Donald Trump's future national security adviser met with Austrian party founded by Nazis

Yes, there is a worldwide fascist movement, and both Trump and Putin are playing their part in Austria

By Matthew Rozsa

Staff Writer

Published December 20, 2016 4:21PM (EST)

Traffic passes Trump Tower, Monday, Nov. 21, 2016, in New York. (AP Photo/Mark Lennihan) (AP)
Traffic passes Trump Tower, Monday, Nov. 21, 2016, in New York. (AP Photo/Mark Lennihan) (AP)

The leader of Austria's Nazi-founded Freedom Party has signed a cooperation agreement with Russia's ruling party — only weeks after meeting with Lt. Gen. Michael T. Flynn, who will soon be national security adviser to President-elect Donald Trump. This muddies the waters as to the United States' place in a geopolitical world that could be dominated by Russia in the near term.

Heinz-Christian Strache, the leader of the Freedom Party, announced that he had signed the agreement with Putin's own United Russia party on his Facebook page, The New York Times reported on Monday. The announcement also mentioned that Strache had visited Flynn a few weeks earlier in Trump Tower. The cooperation agreement itself includes plans for collaboration between United Russia and the Freedom Party on economic, business, and political projects over the next five years.

Founded in the 1950s by former Nazis, the Freedom Party nearly captured the Austrian presidency (which is largely ceremonial) in May but lost a runoff election on Dec. 4. It nevertheless remains a potent force in Austrian politics, where it leads all opinions polls ahead of the two mainstream parties, and is best known for its hardline stance against immigration and its defensiveness toward Russia. Indeed, Russia's signatory Sergei Zheleznyak identified Europe's "migration crisis" as one of the key areas where the two parties could work together.

Not surprisingly, the Freedom Party has opposed the economic sanctions imposed against Russia for its imperialist activities in the Crimea and Ukraine.

The Freedom Party's stance on Russia deserves particular attention for what it implies about the future not only of Russia and Austria, but the entire world of liberal democratic nations. According to the doctrine of Alexander Dugin, a Russian fascist intellectual whose 1997 book "Foundations of Geopolitics" and 2009 book "The Fourth Political Theory" provide an ideological template for both Putin and Russia's military and political elite. Dubbing his theory "Eurasianism," Dugin argued that Russia is an exceptional civilization due to being a hybrid of both Europe and Asia culturally and geographically, but insists that liberalism, democracy, and pluralism must be purged from Russian culture — and, notably, that Russia needs to become the world's premiere superpower by reviving the Soviet empire and controlling other nations by proxy through sympathetic far right politicians.

"We must create strategic alliances to overthrow the present order of things," Dugin writes in "The fourth political theory," "of which the core could be described as human rights, anti-hierarchy, and political correctness – everything that is the face of the Beast, the anti-Christ."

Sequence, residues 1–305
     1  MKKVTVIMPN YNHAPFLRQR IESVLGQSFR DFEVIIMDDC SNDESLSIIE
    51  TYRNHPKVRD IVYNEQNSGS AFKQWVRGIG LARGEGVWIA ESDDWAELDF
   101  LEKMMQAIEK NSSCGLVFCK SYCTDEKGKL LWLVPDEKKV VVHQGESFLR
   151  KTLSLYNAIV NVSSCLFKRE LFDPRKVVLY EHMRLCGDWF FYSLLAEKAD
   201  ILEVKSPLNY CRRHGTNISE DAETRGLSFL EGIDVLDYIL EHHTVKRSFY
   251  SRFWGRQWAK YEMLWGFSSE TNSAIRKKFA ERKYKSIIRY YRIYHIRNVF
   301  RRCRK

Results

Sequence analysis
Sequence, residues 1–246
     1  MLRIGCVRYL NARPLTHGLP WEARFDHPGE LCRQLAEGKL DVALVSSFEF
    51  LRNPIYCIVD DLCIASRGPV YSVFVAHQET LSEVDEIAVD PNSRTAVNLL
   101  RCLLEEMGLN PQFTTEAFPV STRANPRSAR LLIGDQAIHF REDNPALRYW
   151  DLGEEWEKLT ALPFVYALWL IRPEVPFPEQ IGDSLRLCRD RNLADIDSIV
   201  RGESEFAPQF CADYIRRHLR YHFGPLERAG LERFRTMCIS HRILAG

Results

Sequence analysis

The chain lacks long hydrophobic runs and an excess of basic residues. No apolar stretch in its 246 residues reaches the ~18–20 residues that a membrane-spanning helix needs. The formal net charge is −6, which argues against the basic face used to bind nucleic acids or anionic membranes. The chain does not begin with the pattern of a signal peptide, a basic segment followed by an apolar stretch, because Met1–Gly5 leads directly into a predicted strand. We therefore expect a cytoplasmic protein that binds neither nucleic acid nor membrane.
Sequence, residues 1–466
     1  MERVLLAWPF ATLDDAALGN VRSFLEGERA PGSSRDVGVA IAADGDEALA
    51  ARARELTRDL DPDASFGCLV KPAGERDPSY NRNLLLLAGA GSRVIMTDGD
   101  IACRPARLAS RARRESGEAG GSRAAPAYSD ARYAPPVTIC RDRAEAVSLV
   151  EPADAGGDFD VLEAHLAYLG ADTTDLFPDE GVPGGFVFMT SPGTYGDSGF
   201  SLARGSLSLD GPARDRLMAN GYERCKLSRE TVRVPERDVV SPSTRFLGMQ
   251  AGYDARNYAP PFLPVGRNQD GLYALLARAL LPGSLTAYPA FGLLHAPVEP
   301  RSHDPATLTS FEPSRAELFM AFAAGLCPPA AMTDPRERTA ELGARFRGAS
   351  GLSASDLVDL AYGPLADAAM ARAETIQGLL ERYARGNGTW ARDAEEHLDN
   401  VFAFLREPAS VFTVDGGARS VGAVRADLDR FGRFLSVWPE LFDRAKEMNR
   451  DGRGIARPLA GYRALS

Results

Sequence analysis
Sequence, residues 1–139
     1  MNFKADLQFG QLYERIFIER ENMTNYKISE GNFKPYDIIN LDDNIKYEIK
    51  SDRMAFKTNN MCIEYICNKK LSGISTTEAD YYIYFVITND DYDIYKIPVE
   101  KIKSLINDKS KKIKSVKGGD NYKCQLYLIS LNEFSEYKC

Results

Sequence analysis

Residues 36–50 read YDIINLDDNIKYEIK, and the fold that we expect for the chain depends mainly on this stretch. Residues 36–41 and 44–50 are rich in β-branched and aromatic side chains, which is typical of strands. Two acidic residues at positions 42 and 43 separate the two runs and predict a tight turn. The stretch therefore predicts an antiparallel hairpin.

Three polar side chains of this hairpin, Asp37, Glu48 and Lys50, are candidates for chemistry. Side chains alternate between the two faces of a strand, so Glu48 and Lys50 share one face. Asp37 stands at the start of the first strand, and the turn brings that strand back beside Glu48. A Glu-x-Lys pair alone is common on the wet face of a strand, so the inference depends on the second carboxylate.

Dugin's ideology is for Putin what Communism was for Stalin — a justification for invading other countries and meddling in their political affairs. In Putin's case, this includes the invasion of Georgia in 2008 and Ukraine in 2014 as well as providing funding and/or publicity to sympathetic political figures in nations like the United Kingdom, France, and Germany. It explains why the Russian government threw its two cents into the Brexit debate in the United Kingdom, to say nothing of why Putin has repeatedly expressed such fondness for Trump.

Finally, it raises concerns about the underlying thrust of American foreign policy under the incoming Trump administration. In addition to surrounding himself with foreign policy advisers with pro-Russia biases like Flynn (who has appeared on Russia's state-owned television network and sat near Putin during a state dinner in that country) and his secretary of state nominee Rex Tillerson, Trump has already started crafting a foreign policy that is disturbingly pro-Russia. When the Republican National Committee met in July, the Trump camp's one change to the party platform was to overhaul a plank that criticized Russia's invasion of Ukraine (Trump's campaign manager at the time, Paul Manafort, had previously worked as a lobbyist for Russian-backed former Ukrainian president Viktor Yanukovych), and Trump's isolationist statements on issues like NATO and Ukraine have naturally pleased a Kremlin that wants nothing more than for America to recede as a major player on the geopolitical stage.

By Matthew Rozsa

Matthew Rozsa is a staff writer at Salon. He received a Master's Degree in History from Rutgers-Newark in 2012 and was awarded a science journalism fellowship from the Metcalf Institute in 2022.

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Austria Donald Trump Michael Flynn Nazis Vladimir Putin